#Haiku: “Melancholy Autumn”

This week’s theme for Colleen’s poetry challenge is a haiku written by Sue Vincent:

clouds cover the moon,
beyond dawn's pale horizon
sun rises unseen  
©2020 Sue Vincent  

The idea is to use Sue’s haiku as inspiration for your own syllabic poetry. Remember, in this challenge we can use any of the following poetry forms: Haiku, Senryu, Haiga, Tanka, Gogyohka, Renga, Solo-Renga, Haibun, Tanka Prose, Cinquain, and its variations, Etheree, Nonet, and Shadorma

The current standards for creating Haiku in English suggest a form with three lines and syllables of 3/5/3 (11 syllables). Even the more abbreviated haiku version with three lines and syllables of 2/3/2 (7 syllables) is now thought of more favorably than the traditional 5/7/5 format. Hybrid haiku are written with seventeen-syllables in one or more lines.

Most haiku are written about nature, the seasons, a beautiful moment in nature, an emotional experience while in nature, or change. A haiku should share a special moment of awareness with the reader.

mist meets earth
shrouding streets in gloom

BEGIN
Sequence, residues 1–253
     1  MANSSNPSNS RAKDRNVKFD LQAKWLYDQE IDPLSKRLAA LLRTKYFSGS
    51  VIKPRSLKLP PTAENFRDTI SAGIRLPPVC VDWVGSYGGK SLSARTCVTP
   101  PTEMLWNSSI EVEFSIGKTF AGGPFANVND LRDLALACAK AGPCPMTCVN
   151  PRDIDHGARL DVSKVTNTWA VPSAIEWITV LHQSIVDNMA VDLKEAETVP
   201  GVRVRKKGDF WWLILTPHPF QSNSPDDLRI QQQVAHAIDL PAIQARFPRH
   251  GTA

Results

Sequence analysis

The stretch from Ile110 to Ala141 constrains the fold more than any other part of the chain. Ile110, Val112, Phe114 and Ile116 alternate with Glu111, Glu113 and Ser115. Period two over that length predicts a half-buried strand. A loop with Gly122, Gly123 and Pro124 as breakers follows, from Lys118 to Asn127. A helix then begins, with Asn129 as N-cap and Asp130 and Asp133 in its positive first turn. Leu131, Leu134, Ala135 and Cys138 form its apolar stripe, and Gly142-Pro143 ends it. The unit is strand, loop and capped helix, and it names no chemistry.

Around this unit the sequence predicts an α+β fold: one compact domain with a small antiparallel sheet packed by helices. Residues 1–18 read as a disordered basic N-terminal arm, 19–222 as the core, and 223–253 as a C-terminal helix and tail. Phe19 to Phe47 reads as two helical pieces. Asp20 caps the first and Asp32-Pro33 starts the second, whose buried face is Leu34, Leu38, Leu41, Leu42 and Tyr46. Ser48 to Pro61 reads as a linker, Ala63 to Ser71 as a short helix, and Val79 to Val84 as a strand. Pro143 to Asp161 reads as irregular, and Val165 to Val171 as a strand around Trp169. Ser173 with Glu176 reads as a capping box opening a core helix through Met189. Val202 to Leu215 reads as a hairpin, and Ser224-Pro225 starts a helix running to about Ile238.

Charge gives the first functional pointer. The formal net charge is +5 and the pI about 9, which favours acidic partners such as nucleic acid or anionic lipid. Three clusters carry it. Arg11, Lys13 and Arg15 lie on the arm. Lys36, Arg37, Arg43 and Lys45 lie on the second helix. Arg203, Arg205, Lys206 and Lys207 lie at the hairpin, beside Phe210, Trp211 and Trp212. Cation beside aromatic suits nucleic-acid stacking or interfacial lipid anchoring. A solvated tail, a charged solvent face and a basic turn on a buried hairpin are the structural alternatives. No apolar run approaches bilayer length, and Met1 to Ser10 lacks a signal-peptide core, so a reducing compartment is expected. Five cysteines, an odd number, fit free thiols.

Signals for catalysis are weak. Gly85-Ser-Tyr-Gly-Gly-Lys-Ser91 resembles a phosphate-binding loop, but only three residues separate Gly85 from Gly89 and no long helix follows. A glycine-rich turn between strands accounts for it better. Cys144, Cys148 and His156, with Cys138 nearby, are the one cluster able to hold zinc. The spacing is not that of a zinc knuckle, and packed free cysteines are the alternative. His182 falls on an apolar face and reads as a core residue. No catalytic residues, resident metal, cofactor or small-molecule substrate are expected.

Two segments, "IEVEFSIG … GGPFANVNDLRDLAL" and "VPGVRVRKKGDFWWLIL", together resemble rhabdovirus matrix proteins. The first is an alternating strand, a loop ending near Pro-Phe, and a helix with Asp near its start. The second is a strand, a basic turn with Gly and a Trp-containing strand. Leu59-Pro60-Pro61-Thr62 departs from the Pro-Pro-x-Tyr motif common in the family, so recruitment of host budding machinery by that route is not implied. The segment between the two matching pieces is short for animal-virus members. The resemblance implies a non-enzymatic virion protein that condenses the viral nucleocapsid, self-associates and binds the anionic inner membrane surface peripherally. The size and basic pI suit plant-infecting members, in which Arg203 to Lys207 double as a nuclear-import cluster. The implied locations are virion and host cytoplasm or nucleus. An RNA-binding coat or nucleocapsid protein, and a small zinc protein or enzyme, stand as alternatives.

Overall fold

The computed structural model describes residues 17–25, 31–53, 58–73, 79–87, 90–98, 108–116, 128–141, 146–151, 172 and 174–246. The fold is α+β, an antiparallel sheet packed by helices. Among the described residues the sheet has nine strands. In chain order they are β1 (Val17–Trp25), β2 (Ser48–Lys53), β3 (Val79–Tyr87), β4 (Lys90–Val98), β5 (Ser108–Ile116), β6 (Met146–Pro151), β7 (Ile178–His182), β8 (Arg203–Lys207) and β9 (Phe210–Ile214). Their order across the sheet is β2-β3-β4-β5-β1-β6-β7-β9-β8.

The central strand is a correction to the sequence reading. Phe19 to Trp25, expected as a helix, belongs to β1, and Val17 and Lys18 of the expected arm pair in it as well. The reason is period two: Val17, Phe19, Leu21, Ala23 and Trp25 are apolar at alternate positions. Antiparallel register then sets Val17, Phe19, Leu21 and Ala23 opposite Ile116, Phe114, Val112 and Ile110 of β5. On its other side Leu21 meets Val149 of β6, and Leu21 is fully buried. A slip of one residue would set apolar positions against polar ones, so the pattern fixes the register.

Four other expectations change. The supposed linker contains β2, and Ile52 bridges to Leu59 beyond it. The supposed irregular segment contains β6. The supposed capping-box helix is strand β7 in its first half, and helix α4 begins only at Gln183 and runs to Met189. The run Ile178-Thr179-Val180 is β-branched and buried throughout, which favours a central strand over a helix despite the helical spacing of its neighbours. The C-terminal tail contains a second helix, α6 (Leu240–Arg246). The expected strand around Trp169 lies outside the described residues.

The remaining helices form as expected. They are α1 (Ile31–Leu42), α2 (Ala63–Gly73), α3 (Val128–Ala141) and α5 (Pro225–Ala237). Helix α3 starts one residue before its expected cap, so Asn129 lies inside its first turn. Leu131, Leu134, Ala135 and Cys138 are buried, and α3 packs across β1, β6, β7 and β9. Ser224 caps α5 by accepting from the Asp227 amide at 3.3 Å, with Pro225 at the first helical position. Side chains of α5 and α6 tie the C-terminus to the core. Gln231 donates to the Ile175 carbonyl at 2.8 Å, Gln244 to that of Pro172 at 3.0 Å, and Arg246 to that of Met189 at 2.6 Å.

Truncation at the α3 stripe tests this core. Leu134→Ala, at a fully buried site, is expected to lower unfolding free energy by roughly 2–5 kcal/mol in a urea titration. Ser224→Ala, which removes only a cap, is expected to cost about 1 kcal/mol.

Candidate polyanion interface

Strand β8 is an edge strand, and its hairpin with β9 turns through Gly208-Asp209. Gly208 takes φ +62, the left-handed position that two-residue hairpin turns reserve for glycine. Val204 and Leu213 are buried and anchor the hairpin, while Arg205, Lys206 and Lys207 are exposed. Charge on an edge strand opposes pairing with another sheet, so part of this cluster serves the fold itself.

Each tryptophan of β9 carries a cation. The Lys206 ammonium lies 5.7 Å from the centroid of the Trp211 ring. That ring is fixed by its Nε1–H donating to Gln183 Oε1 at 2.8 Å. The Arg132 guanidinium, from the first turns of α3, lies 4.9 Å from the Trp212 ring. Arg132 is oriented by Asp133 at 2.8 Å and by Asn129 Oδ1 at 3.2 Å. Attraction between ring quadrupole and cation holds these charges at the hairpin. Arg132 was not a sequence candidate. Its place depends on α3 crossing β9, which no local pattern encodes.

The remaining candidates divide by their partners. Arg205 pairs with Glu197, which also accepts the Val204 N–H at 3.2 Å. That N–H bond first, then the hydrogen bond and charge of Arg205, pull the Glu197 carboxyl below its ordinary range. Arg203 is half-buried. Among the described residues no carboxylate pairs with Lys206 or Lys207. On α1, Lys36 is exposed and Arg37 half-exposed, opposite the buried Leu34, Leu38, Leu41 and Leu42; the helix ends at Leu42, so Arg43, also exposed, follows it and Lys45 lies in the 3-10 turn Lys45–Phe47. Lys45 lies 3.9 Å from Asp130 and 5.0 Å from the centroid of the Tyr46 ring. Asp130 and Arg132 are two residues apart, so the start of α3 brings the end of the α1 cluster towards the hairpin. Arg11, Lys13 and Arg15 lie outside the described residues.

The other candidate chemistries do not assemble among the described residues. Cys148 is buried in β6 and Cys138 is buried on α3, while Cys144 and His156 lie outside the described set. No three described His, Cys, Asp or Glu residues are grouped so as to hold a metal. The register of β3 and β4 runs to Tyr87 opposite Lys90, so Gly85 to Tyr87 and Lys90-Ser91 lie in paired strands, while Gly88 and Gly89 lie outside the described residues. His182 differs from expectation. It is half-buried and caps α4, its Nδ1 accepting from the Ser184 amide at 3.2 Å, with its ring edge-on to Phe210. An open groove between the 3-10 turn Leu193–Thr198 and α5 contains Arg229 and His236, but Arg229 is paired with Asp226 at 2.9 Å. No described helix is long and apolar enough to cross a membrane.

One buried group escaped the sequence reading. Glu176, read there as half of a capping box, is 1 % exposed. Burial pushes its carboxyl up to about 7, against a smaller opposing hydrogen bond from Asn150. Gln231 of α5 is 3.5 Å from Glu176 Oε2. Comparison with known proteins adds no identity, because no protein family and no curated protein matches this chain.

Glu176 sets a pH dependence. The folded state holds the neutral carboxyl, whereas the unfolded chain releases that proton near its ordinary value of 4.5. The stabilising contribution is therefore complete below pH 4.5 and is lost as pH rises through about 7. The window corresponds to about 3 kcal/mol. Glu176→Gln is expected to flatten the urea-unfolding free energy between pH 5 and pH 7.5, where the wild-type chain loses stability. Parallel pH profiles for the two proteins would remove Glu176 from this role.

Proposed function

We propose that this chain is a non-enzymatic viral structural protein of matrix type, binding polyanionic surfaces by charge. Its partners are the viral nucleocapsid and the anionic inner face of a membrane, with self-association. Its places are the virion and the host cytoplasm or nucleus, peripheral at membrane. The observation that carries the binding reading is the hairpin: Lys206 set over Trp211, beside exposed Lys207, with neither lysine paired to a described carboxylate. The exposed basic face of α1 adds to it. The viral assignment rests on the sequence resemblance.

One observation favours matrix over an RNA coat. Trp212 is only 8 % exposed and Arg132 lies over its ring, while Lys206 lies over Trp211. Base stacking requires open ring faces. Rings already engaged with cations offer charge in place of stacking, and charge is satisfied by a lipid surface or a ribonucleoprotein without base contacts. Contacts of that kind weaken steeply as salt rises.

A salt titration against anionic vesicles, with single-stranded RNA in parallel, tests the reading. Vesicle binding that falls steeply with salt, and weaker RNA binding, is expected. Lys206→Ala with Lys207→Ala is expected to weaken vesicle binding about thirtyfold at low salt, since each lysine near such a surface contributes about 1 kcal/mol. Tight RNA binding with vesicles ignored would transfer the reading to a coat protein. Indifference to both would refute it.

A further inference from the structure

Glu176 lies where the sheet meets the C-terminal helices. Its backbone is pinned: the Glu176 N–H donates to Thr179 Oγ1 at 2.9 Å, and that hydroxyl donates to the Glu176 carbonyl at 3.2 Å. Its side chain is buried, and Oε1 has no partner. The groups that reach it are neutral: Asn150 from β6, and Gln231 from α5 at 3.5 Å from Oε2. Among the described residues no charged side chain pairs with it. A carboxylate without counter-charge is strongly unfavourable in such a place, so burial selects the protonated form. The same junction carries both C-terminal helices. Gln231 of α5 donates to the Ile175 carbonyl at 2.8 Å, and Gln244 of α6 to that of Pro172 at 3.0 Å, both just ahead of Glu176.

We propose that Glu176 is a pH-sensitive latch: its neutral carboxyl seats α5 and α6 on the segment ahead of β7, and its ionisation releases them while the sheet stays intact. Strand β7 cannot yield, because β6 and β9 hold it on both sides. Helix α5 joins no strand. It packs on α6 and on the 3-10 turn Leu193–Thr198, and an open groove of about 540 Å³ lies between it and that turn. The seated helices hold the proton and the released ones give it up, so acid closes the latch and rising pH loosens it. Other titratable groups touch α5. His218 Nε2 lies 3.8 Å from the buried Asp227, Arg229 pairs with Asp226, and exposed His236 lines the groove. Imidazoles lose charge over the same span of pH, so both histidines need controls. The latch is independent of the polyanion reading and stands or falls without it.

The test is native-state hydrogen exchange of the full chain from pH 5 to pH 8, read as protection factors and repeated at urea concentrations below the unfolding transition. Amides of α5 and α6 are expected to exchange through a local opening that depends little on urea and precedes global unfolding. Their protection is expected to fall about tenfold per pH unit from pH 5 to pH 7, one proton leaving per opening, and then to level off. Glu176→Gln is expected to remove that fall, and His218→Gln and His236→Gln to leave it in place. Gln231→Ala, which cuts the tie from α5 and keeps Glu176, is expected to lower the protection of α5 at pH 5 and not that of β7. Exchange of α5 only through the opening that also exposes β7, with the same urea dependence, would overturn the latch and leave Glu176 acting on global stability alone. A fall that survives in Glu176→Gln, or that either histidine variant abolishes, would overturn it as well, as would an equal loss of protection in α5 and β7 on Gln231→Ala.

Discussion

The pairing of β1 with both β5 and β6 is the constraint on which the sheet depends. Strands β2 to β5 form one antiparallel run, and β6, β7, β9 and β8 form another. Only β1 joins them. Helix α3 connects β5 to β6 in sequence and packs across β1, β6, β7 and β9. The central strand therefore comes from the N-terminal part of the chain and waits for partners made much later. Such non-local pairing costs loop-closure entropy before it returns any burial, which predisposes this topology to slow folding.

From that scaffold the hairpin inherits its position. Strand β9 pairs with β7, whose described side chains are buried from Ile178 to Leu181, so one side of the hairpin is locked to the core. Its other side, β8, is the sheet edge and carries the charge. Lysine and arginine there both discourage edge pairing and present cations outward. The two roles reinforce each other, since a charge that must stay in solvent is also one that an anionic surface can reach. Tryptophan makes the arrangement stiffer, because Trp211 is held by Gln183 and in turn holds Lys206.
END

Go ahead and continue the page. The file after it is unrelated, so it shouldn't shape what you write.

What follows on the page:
foggy night

by Marsha Ingrao 2020

Revival of Colleen Chesebro’s Writer’s Quote Wednesday Writer’s Challenge

Colleen Chesebro invited me to reinstate the #WQWWC challenge she used to host with her blogger friend, Ronovan. They eventually chose to focus on poetry and so she opened it up to me to take up the challenge.

#WQWWC will start this Wednesday, December 2nd. Stay tuned for the first theme.

Blog Challenge Interview Series

Do you host or participate in blog challenges? It’s a lot of work. The enjoyment I get from blogging is to promote other hobby bloggers. So if you want to write a guest post or have an interview about the Challenge experience, please contact me. I’d love to feature you and your challenge on Always Write.

Story Chat

A BRAND NEW service to promote hobby bloggers is Story Chat. Your unpublished short story premieres on Always Write. My readers have a chance to chat about the story with you and their friends over a cup of coffee or glass of wine in front of a fire. Later, I will compile all of our thoughts into a summary post giving your story an encore.

Your comments and conversations are the best part of the day. I look forward to hearing from you. 🙂

Author: Marsha

Hi, I'm Marsha Ingrao, author, blogger and retired teacher/consultant - Promoting Hobby Blogging

4 thoughts on “#Haiku: “Melancholy Autumn””

    1. That is a good question for Colleen. She is a haiku expert. I am a neophyte. I made a mistake on my count in the one that I used as my featured picture. I like the way it sounds better, but it has too many syllables. Sometimes, when I’m counting, I look at number of words and forget that one word has two syllables. Do you ever do that?

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